EKU Recieves PRIDE Grant to Help with Outdoor Classroom and Wetlands at Local School Complex
Eastern Kentucky University recently received two grants from the Bluegrass PRIDE community grant program: one to establish an outdoor classroom and wetlands area to be shared by two local schools, among other provisions, and another to install five water bottle-filling stations on the Richmond campus.
An $8,835 grant will enable EKU biology and wildlife faculty and students to assist in the construction of a wetlands area and outdoor classroom facility on the shared campus of Glenn R. Marshall Elementary and B. Michael Caudill Middle schools in Richmond. Work will begin in April and continue through the spring and summer.
The wetlands are will be built by U.S. Forest Service biologist Tom Biebighauser and local contractor Farris Osborne. EKU biology and wildlife students and faculty, along with Marshall and Caudill students and teachers will assist by planting trees and seeds and spreading straw. The teaching pavilion will be built by Madison County Schools facilities personnel using materials purchased with the grant funds.
The EKU students will also assist by establishing a trail and cleaning some of the invasive honeysuckle bushes along the route. Students will also help with educational activities, collecting water quality data and teaching about wetlands, streams and wildlife.
Drs. Stephen Richter and David Brown, of the biological sciences faculty at EKU, are working with Christy Johnson and Laverne Lindquist, teachers at the elementary and middle schools, to develop programs focused on environmental education and use the grant-funded resources. Dr. Melinda Wilder, director of the university’s Department of Natural Areas, is helping to train teachers on how to use water quality kits.
Marshall and Caudill students have already begun to take field trips to the site, where they and their teachers have set up bluebird houses and are monitoring the nesting. They are also monitoring stream quality with kits borrowed from EKU Natural Areas. With kits purchased from the grant funds, the schools will be able to continue the monitoring of the stream and wetlands on their own. The schools will also use traps provided by EKU to sample insects and amphibians using the stream and wetlands.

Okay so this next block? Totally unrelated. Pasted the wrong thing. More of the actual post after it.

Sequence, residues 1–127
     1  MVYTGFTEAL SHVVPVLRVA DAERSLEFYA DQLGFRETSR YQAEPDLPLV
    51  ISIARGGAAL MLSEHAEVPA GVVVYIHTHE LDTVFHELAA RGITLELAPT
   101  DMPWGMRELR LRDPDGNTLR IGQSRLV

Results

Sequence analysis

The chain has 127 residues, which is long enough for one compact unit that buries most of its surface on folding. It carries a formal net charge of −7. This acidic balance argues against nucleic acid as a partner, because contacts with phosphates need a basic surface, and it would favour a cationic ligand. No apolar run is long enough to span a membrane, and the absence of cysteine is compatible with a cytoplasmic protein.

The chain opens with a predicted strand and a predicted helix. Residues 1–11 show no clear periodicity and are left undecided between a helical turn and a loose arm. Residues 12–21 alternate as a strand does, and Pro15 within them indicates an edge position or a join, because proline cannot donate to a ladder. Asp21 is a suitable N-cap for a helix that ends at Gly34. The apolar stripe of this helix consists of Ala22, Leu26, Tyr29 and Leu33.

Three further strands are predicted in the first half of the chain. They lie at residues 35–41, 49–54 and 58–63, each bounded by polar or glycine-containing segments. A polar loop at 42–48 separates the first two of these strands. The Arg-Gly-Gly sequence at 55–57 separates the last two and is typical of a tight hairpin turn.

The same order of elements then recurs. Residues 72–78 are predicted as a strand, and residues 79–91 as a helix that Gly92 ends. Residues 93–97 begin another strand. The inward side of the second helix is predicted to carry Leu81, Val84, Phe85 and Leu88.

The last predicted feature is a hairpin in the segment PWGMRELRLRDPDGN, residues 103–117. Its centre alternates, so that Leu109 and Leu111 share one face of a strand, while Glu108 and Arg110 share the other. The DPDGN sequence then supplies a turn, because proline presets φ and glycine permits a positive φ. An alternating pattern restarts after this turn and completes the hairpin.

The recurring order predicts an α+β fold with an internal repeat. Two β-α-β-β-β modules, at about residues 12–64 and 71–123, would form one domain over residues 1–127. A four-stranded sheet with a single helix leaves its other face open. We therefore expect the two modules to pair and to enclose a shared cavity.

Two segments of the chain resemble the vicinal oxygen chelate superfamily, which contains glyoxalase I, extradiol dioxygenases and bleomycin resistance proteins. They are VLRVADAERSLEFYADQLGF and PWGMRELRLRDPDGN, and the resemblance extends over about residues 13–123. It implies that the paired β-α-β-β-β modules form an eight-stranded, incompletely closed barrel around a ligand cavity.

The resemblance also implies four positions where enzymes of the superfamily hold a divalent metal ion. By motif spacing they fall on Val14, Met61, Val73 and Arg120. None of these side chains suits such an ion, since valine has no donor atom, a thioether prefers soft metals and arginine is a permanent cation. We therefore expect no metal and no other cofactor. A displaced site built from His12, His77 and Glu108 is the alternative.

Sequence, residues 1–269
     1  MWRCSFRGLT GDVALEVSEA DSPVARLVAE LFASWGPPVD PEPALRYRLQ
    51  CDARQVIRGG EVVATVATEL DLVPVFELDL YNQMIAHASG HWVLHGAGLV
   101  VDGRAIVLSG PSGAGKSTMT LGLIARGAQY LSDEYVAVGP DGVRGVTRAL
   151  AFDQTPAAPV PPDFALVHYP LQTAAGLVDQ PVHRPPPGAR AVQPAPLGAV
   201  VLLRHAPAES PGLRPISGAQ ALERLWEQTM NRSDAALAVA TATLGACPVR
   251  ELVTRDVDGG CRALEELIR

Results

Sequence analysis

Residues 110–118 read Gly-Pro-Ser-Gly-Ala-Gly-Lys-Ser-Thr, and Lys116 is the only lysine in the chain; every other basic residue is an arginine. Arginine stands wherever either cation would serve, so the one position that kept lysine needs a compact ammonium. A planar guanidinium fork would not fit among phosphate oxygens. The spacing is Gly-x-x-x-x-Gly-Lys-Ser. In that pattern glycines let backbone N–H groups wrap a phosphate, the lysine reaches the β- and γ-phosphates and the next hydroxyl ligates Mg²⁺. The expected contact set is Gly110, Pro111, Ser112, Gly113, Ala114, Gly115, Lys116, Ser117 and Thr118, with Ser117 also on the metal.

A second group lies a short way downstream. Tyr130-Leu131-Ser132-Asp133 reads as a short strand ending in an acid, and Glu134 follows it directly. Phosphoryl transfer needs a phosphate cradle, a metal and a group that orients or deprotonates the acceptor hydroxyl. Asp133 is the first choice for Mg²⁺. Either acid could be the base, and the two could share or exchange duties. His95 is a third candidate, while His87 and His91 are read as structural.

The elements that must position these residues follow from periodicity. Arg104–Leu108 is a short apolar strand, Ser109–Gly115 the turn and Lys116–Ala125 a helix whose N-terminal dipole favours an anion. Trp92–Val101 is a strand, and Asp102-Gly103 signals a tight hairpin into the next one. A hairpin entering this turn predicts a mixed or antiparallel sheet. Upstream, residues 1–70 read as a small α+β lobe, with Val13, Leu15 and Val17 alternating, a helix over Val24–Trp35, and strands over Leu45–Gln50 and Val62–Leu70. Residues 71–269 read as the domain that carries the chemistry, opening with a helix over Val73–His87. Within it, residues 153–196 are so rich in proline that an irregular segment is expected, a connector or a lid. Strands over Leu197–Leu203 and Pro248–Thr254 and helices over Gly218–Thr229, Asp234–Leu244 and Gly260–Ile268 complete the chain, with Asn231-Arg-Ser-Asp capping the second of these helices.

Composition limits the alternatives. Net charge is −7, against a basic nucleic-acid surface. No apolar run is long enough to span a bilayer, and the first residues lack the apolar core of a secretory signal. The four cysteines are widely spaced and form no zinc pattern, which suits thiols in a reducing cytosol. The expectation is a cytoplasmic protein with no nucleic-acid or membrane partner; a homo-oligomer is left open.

The grant also provides for an expansion of the recycling program at Marshall Elementary and for the purchase of energy audit equipment to be used by Marshall students. The energy audit kits will allow students and their families to determine where waste is occurring in their households by measuring air flow, moisture and temperatures so homeowners can determine how to reduce electricity consumption.
According to Dr. David Brown of EKU’s biology faculty, EKU faculty and the schools’ teachers and principals “all basically had the same ideas independently. We happened to start communicating about it last spring and over the past year we worked together to develop the project and write the grant.” Johnson, a fourth-grade teacher at Marshall, played a “key” role.
“Students will get outdoors and learn about science in the field – by doing it,” Richter said. “They’ll also learn some important practices about energy efficiency and recycling. They will perform a home energy audit and explain to their parents what they’ve learned about energy efficiency. Hopefully, they will also take home knowledge and practice about recycling, stream quality and wetlands and spread it to family and friends.”
The other Bluegrass PRIDE grant, valued at $5,000, will allow EKU’s Office of Sustainability, headed by David Gore, to install water bottle-filling stations in five heavily used campus buildings as an environmentally friendly and cost-effective alternative to the use of disposable plastic water bottles.
The stations will be installed over the next several months in the Student Services Building, New Science Building, Wallace Building, Powell Building and Combs (classroom) Building. In three cases, the stations will replace existing water fountains; in the other cases, they will be add-ons to fountains.
“We want to get away from the single-use plastic bottle,” Gore said.
Also, as a way to promote use of the new stations, hundreds of water bottles will be given away to EKU students. The stations will still allow users to get a drink of water the old-fashioned way.
Gore said he hopes to expand the program into other campus facilities.
The grants, just two of eight grants Bluegrass PRIDE announced in a ceremony on the Richmond campus on March 19, are made possible by funding from the Appalachian Regional Commission. Since 2010, PRIDE has awarded more than $200,000 in community grant funding to groups in Clark, Estill, Garrard, Lincoln, Madison, Montgomery, and Powell Counties. During this period, PRIDE also has awarded more than $80,000 in funding for environmental education projects in the same counties.
Contact InformationDr. Stephen Richter